Not only has the UK Government given a contract to a ferry company that owns no boats and its terms and conditions were copied and pasted from a fast food takeaway, but it has become clear that the owner of this business owes money to HMRC.
I asked the Transport Secretary if he could confirm that the director of this company owes us, the taxpayer, £580,000 and what due diligence he took to ensure that we don’t give contracts for government business to companies who do not pay their taxes.
The Transport Secretary decided to keep quiet. This is appalling. The Government is being farcical and putting our economy at risk because they are not undertaking basic background checks.
In a very busy chamber, I asked the Secretary of State for BEIS what action he will be taking to ensure that there are more charging points for electric vehicles in rural areas.
In Flintshire there are only two charging points for the whole county meaning that we cannot benefit from this technology. If we are going to cut our carbon emissions and embolden the next generation of car manufacture techniques we need to be supporting this technology not hindering it.
My colleague Chris Matheson – MP for City of Chester – secured a Westminster Hall Debate on the new Runcorn Bridge and the impact of the tolls on communities that use it.
In recent days I have received a significant number of correspondence from constituents who have been fined for using the bridge despite paying the toll. I have heard that the signage on the approach to the bridge is poor and that it is unclear of how to pay the toll. To add insult to injury the old bridge, once renovations are complete, will also start to be tolled – despite never being previously. I used this debate to raise my concerns over this and my disappointment with the recent response I received from Merseyflow – the company responsible for managing the toll service.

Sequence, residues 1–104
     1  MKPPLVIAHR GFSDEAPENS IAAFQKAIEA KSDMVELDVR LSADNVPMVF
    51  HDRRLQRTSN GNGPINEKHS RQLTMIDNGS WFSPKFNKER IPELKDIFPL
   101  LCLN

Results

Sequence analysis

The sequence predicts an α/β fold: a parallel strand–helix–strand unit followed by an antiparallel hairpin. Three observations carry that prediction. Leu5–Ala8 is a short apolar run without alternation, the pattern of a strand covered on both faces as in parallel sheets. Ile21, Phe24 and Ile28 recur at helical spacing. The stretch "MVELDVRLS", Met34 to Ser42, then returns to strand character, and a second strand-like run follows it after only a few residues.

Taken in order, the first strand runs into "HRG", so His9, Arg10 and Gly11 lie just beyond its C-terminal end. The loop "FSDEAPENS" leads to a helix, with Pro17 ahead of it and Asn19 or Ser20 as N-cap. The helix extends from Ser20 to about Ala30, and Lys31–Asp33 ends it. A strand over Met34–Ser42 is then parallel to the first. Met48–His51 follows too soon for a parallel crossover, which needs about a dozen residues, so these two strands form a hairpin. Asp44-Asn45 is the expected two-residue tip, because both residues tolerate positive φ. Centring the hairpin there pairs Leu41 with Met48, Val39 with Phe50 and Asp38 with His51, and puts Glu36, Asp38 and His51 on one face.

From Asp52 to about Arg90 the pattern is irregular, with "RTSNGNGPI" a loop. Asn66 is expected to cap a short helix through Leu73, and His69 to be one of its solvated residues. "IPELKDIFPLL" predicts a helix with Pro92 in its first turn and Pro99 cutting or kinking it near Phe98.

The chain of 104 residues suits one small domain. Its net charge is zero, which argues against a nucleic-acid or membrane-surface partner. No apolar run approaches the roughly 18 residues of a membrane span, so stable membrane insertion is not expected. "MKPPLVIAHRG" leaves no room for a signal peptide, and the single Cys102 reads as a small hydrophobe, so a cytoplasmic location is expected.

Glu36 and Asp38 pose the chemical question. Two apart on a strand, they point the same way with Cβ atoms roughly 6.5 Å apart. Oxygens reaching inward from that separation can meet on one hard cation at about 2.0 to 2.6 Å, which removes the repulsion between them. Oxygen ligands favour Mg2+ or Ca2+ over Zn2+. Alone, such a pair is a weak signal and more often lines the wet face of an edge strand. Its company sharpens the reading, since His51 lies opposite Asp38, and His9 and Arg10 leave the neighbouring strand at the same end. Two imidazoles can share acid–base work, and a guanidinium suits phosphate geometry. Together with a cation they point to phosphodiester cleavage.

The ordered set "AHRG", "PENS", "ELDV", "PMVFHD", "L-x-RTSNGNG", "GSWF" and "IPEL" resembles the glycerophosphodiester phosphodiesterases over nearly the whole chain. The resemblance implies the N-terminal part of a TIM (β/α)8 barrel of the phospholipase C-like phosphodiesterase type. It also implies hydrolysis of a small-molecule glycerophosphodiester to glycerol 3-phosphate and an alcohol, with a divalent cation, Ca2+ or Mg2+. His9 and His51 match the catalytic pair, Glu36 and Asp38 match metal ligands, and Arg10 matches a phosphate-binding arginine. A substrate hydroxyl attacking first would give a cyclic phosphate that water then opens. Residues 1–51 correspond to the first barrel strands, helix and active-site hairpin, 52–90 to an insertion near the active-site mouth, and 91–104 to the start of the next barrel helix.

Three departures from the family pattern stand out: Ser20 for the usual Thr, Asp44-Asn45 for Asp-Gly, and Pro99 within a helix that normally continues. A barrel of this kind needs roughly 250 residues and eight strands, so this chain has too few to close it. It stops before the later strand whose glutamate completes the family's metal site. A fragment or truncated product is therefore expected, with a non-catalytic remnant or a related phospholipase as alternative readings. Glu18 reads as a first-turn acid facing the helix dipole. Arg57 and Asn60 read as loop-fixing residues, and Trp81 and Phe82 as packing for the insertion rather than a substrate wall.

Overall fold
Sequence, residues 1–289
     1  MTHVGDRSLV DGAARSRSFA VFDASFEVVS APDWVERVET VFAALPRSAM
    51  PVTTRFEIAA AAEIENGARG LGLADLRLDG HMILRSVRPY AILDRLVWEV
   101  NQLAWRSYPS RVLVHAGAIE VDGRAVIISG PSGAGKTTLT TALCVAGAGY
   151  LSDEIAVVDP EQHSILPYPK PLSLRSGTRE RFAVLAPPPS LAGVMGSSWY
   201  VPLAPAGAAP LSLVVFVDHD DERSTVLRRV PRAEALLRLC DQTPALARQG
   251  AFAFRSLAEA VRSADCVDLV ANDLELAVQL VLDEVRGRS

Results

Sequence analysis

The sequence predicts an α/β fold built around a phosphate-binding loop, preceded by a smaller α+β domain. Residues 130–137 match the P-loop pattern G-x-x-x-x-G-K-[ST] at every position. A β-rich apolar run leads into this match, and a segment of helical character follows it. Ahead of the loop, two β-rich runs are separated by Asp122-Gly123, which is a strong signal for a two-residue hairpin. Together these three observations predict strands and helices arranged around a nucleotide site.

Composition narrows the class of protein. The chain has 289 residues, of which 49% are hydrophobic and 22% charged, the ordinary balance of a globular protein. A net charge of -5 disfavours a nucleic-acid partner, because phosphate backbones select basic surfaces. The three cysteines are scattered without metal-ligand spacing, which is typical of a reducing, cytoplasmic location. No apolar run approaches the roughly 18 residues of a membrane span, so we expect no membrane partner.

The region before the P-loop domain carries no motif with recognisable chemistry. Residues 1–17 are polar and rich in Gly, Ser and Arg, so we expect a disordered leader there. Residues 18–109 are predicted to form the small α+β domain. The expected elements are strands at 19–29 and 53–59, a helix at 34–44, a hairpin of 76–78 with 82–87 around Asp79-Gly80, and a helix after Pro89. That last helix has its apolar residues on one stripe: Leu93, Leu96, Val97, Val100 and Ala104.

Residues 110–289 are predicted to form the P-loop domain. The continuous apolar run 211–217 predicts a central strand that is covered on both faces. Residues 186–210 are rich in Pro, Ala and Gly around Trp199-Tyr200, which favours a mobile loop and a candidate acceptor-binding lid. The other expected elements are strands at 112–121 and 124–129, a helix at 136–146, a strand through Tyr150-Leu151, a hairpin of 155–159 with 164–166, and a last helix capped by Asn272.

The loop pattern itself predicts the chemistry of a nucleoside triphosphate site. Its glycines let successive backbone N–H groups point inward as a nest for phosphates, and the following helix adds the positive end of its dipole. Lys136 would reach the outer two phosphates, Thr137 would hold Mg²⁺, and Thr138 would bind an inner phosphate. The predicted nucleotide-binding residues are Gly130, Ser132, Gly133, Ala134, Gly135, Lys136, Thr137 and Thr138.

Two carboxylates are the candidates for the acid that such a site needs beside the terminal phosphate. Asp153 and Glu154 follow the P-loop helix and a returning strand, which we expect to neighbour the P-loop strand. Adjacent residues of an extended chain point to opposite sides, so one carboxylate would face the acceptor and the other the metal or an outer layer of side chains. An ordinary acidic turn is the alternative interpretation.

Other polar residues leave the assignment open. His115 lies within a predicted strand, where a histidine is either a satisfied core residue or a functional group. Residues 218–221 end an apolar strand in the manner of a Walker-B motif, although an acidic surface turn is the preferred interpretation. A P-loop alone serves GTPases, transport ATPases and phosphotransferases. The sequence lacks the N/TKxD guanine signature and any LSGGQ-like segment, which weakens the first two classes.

I have called on the UK Government to review the planned increase in rail fares for 2018. This follows news that rail fares in Britain will go up by an average 3.4% from 2 January 2018.
The increase is the biggest since 2013 and covers regulated fares, which includes season tickets, and unregulated fares, such as off-peak leisure tickets.
Rail fares have now witnessed an ever increasing price rise in each of the past 3 years. In January 2016 prices increased by a little over 1%, January 2017 saw an increase of nearly 2.5% and now this increase of 3.4% will put pressure on families.
Public sector workers, who have had their pay capped at 1% for the past seven years, will be hit badly by this increase in fares. Inflation has been hitting 3% meaning that people’s take home pay has been cut in real terms. This increase on the cost of living will harm working households further still. Read more “Rail Fare rise”